Why Tetherow Golf Club is the Most Polarizing Course in Oregon
When people hear about my quest and they hear that I’m from Oregon, one of the questions I’ve been asked a lot (after, the inevitable, have you played Bandon) is “have you played Tetherow?”
Up until this week the answer had always been “not yet.”
Tetherow is the last Top 100 Public course I needed to knock off in Oregon, and let’s just say, I wasn’t disappointed.
Tetherow was built in 2008 on land that was decimated from a forest fire right outside of Bend, and is distinctly different than any of the other top courses in the high desert of Central Oregon.
The first major distinction was the designer – David Mclay Kidd – who is obviously known for more Links style designs like Bandon and Nanea.
Fortunately for us, that’s pretty much what we got – a links style course in the high desert, that is unlike any course I’ve played.
For me, the closest comparison was actually Diamante Dunes in Cabo – you know, minus the ocean.
There were rolling mounds and elevation changes abound, fescue turf everywhere, and the greens, well we’ll get into that in a second.
I could not have been more lucky on the day I played. The weather was perfect sunshine, 75 degrees, and little wind. Not too hot, not too cold, but perfect conditions to truly enjoy the course.
At Tetherow you have to play with a forecaddie, and since I was playing by myself, my forecaddie decided just to play with me.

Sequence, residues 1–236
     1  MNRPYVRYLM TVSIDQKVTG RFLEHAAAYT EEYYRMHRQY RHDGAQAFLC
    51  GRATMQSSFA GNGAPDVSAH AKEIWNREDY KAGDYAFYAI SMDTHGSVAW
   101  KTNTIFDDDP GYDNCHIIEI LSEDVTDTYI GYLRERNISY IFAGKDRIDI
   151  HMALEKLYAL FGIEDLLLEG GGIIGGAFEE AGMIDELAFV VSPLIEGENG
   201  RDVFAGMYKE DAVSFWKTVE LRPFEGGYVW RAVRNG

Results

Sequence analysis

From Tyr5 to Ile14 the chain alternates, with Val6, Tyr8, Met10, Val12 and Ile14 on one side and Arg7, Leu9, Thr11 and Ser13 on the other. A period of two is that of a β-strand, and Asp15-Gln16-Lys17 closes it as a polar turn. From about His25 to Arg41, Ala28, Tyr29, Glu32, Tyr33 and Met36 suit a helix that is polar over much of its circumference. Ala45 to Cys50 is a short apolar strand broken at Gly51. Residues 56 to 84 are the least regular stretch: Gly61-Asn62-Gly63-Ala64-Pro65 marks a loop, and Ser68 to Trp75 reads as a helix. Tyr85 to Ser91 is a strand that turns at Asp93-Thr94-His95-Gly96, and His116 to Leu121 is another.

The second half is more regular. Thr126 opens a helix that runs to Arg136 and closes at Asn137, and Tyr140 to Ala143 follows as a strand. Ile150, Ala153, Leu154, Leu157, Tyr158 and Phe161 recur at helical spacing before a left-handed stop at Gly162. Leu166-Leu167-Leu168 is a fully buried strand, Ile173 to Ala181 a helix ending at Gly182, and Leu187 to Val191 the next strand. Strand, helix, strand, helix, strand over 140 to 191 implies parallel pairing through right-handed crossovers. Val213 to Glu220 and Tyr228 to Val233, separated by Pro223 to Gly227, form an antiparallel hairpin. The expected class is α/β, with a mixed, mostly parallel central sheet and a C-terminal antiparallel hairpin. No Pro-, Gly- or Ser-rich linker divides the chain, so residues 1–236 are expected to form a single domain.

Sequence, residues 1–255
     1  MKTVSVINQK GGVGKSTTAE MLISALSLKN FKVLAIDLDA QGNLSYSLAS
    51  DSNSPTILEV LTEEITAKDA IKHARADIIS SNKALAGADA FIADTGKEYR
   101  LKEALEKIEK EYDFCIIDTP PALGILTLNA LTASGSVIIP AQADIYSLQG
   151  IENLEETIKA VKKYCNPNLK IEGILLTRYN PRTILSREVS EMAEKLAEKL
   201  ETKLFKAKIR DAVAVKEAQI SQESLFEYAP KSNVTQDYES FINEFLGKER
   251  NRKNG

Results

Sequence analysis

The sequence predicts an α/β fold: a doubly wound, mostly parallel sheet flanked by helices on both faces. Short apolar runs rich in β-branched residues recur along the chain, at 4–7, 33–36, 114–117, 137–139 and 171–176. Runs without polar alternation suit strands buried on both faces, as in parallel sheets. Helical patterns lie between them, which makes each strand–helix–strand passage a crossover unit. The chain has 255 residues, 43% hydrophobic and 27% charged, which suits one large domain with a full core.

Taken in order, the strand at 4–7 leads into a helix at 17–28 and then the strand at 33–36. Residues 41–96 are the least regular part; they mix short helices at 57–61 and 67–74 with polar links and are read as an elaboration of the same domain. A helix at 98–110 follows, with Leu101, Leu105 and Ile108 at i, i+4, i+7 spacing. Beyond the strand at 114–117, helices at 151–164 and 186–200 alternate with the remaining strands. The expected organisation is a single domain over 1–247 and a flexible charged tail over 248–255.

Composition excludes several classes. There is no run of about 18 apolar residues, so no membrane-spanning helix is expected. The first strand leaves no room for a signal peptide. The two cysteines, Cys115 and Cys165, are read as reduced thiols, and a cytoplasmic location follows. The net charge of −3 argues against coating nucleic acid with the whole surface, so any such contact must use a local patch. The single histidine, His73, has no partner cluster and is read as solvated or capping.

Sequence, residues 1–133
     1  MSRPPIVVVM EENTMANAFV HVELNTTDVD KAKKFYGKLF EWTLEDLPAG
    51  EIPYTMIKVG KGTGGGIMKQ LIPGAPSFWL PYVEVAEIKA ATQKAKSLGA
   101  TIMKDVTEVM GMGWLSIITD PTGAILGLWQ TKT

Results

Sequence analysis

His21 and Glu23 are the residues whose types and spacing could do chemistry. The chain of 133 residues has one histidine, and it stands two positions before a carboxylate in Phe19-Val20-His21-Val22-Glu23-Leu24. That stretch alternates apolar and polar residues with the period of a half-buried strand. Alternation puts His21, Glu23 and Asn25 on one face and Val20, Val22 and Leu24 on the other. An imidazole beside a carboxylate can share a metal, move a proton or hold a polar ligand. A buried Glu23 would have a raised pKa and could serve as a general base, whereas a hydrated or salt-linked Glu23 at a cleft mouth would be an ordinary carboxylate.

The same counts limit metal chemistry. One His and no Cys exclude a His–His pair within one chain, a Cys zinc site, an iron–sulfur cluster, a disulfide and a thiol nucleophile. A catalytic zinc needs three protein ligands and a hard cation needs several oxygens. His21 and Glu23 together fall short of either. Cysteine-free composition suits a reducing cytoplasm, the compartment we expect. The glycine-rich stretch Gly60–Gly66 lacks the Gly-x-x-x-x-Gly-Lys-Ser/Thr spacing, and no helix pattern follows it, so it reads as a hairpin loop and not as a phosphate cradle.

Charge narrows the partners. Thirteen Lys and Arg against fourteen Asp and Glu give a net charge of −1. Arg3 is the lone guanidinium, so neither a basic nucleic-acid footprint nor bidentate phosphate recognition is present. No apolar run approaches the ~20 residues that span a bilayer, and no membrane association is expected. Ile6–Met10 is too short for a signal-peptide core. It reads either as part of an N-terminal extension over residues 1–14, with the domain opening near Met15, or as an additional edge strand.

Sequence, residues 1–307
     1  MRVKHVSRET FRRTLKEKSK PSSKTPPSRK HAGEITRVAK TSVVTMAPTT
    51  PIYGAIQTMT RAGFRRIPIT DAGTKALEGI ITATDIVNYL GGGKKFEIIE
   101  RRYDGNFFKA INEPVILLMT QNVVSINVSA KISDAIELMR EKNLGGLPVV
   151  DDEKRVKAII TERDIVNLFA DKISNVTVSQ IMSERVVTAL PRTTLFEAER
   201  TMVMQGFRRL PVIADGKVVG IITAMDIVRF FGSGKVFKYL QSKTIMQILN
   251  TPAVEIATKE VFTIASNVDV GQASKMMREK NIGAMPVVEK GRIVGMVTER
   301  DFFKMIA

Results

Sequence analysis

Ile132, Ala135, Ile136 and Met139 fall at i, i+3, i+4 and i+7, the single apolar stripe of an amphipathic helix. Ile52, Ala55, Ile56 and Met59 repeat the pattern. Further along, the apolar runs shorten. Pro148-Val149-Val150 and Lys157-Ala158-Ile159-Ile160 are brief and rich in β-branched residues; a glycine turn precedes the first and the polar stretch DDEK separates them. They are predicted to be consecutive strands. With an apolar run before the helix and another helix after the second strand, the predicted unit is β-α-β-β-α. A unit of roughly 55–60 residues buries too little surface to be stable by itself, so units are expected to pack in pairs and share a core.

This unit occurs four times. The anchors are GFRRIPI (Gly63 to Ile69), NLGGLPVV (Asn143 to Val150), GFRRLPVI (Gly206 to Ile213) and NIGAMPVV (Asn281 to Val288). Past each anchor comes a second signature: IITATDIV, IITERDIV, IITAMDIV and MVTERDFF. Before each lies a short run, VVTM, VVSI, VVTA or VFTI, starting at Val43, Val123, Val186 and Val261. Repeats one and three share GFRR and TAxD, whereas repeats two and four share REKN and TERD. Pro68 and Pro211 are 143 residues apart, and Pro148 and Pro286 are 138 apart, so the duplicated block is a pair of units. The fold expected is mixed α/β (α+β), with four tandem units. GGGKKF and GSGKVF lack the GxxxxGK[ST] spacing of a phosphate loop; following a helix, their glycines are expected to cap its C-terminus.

Note: If you’re not used to having a caddie or forecaddie play with you, trust me, this is a good thing at Tetherow. The greens can be extremely hard to read, and the best path to the green off the tee is not always perfectly clear.
I was even more fortunate in that my guy Rusty, had been around Tetherow since day one, and not only knew the course extremely well, he was a blast to play with.
I was really excited to play Tetherow for a couple reasons. The first is that I don’t think I’ve found a more polarizing course. People either absolutely loved it, or absolutely hated it. I didn’t understand how one course could draw such different responses from both amateurs and more accomplished golfers.
That is, until I played it.
Off the tee, Tetherow is easily one of my 10 favorite courses I’ve played. You have a variety of options, elevation changes, blind shots – to put it simply, every single hole has interesting and unique features – even more so than some place like Pronghorn which is a little bit more out in front of you.
Then I got to the first green (or rather 10th, since we teed off the back). A short par 4, my three wood almost drove the green, and I was in that nefarious position where I was putting up a very steep ridge that could end in disaster if I hit it too hard or soft.
I over compensate and blast it up the ridge, through the green and back down the other side.
This wouldn’t be the only time.
The best way I can describe the greens at Tetherow would be that they took 4 elephants on almost every hole, buried them, put grass on top – and called it a green.
At it’s best, they were some of the most fun putts I’ve ever had. Occasionally even reminiscent of my favorite hole at Bandon Trails, the par 3 5th. Lots of subtled (and not so subtle) ridges and backstops to give you multiple options on your putts.